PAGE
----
In the end, it makes The Assassin a uniquely difficult film to review. If your judging criteria asks what does the film set out to do, and how well does it do it, then the work is an unqualified success. At the same time, one cannot overlook that this is an extremely difficult text to engage with. Many will find it better suited as a studied bit of installation art than any kind of gripping cinematic experience, and they wouldn't be wrong. So, just, take note of that. I guess all there is to say apropos The Assassin is "head's up!"

Review originally published during the Cannes Film Festival in May 2015. The film opens in select theaters in the U.S. on Friday, October 16.
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Chang ChenHou Hsiao HsienSheu Fang-YiShu QiThe Assassin

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KurtOctober 15, 2015 2:26 PM

Agreed on most of this article. The most beautiful film I saw this year.

wagnerfilmOctober 15, 2015 3:39 PM

It's a breathtakingly beautiful bore.

via collinsOctober 16, 2015 6:21 AM

Fair play to you with the review - it is one hell of a conundrum. I watched it in a packed cinema, clearly half the aud were expecting what it isn't. The walk-outs were regular. But happily I had heard what to expect, and adjusted myself accordingly. I feel for those expecting a chop socky fest. Hou's marketing folks have played a game that just might be considered unfair here.
What it is, is undeniably, luxuriously gorgeous. I shall take many key scenes, many swishes of silk with me for many years. But if someone says, "It's a boring waste of time", I get them. Doesn't make me feel good for them, but if you aren't tuned into the film's wavelength, tough times ahead.

ManateeAdvocateOctober 16, 2015 2:15 PM

Boring or not, I'm truly looking forward to this.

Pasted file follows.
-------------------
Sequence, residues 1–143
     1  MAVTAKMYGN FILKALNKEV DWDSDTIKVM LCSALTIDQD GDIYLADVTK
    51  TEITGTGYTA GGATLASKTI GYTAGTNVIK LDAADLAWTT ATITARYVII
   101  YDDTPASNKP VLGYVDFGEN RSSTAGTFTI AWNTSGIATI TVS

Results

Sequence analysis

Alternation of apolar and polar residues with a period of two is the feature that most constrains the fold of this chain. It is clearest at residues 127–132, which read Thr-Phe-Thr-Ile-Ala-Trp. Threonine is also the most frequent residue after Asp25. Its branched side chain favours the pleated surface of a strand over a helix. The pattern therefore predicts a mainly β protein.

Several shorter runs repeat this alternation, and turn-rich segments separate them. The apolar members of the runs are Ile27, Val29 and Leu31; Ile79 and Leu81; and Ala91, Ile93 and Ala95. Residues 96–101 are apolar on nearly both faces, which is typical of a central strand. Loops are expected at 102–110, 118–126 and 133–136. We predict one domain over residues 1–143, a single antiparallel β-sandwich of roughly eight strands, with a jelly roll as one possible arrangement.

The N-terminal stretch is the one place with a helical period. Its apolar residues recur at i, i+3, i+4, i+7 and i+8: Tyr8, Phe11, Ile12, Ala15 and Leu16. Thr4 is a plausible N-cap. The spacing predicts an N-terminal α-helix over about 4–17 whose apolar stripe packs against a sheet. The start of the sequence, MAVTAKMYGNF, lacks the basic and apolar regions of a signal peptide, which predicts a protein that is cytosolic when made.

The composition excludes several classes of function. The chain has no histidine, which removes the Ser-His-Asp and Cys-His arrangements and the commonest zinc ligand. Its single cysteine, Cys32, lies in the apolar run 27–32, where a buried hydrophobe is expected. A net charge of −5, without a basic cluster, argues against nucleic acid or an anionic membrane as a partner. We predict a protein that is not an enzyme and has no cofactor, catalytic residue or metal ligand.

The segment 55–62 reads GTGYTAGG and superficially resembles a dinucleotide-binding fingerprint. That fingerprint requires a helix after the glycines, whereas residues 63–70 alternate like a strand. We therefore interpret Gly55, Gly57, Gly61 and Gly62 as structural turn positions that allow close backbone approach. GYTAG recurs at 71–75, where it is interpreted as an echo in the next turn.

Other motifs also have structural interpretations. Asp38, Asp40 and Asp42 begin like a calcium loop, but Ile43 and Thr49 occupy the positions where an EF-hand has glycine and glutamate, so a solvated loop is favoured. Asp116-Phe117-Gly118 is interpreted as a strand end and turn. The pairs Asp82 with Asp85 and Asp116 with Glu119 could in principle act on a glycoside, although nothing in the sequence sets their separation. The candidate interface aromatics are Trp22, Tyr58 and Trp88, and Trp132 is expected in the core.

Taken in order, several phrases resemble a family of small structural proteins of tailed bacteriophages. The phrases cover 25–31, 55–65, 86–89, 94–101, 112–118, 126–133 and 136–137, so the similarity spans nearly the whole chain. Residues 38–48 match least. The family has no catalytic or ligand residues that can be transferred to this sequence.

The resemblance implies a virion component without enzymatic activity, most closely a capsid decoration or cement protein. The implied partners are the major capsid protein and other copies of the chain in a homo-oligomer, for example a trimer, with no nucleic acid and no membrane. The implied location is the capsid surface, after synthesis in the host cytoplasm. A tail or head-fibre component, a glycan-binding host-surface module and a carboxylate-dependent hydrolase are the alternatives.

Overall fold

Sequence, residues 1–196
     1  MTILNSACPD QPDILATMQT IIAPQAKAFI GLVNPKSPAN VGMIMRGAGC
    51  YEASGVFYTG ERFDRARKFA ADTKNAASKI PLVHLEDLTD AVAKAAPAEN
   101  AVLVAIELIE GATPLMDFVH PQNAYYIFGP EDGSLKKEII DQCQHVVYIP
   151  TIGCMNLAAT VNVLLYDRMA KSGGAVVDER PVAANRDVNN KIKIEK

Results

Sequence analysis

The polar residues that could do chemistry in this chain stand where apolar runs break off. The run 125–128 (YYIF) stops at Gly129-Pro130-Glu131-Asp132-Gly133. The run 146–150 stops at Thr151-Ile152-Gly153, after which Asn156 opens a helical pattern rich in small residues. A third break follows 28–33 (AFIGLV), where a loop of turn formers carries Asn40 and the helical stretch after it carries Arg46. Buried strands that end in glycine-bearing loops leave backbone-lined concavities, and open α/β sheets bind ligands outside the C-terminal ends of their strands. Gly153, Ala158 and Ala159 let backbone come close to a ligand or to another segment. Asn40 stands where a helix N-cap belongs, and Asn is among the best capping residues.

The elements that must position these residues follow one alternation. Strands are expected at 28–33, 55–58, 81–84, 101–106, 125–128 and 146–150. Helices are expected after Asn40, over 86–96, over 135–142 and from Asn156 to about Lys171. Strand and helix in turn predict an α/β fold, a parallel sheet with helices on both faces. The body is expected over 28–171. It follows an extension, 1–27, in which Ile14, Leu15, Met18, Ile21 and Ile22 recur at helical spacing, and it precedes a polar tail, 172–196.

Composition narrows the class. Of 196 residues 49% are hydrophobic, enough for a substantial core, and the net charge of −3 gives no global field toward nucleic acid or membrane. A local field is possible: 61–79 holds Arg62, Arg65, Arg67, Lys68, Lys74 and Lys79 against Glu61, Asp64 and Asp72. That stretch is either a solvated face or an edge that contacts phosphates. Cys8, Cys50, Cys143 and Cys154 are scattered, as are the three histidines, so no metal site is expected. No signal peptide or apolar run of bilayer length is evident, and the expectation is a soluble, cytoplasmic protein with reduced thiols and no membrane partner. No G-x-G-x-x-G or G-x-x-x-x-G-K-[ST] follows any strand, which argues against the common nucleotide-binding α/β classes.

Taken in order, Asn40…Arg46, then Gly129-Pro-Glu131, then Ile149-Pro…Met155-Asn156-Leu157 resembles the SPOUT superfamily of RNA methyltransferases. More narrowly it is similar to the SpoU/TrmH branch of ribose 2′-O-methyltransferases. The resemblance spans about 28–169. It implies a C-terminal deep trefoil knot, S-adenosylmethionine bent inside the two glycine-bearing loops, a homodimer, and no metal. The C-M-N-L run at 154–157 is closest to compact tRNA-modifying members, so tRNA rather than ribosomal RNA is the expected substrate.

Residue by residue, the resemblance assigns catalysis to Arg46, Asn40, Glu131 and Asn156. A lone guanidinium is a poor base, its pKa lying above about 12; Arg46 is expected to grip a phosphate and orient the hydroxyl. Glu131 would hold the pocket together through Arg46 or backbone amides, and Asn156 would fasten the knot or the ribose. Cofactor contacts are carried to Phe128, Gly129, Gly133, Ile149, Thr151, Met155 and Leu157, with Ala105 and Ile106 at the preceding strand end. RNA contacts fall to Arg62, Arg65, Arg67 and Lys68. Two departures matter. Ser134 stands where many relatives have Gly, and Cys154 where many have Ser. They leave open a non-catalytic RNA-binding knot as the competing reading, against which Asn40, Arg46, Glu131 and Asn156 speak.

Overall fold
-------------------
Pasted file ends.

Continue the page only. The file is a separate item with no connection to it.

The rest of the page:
wikig1itchOctober 18, 2015 6:48 AM

The film looks stunning and yet utterly boring at the same time. Definitely still seeing it in the theatres for pure stylistic reasons though. It feels like a film that should only be seen on the big screen.

wagnerfilmOctober 20, 2015 5:30 PM

I'm seeing much the same thing with Crimson Peak as I'm seeing with The Assassin: we've entered a phase where a movie is allowed to get away with the total absence of an engaging plot or character development that audiences become invested in, as long as it LOOKS gorgeous. I have no problem with slow-moving films that have unconventional narratives, but the masters of that form (like Tarkovsky or Ozu) were able to work such engagement into their approach. The Assassin's problem, for me, was that both its plot and characters were as remote as the Andromeda galaxy. Watching the film was like looking at a priceless vase behind six sheets of glass. We're told Yinniang is too sentimental to succeed as an assassin — but it's hard to tell from the blank-faced, automaton performance Hou requires of her. (Shu Qi's wonderful range as an actress was put to much better use in the deliberately silly Journey to the West.) It's a movie that sees itself as elevated Art, and places itself on a pedestal of its own making, when it could have been more willing to allow viewers in, *and* retained all the jaw-dropping cinematography into the bargain.

via collinsOctober 22, 2015 8:26 PM

That's a considered reply Wagnerfilm. and my initial response was "right on!", but then i waited a while and re-read it. And it was the references to Ozu and Tarkovsky that turned me around a little. I agree, of course, that they were both usually masters of finding communicable meanings in breath taking beauty, and fully immersive cinema. But as I search through my memory for concrete details in their films, I find elliptical, fogged images and memories. Not the clarity that I often find in more conventional cinema. I'm going to wait and see The Assassin again before making a call on it. As an aside which you will enjoy I am sure, I watched the screening at Melbourne Film Festival, was mostly struggling like hell for the narrative meaning, and halfway through just sat back for the wash of beauty. After leaving the film, it was a long walk to catch the tram home, and on that walk, I heard a woman of about 25 years old explain the entire narrative, in great detail, to her slack-jawed partner. And I freely admit, I paced their walk as much as possible so that I could catch some of these free film notes. She was just so amazed that he didn't see what she saw. But I was very much on his side. Hopefully I'll do better second time around!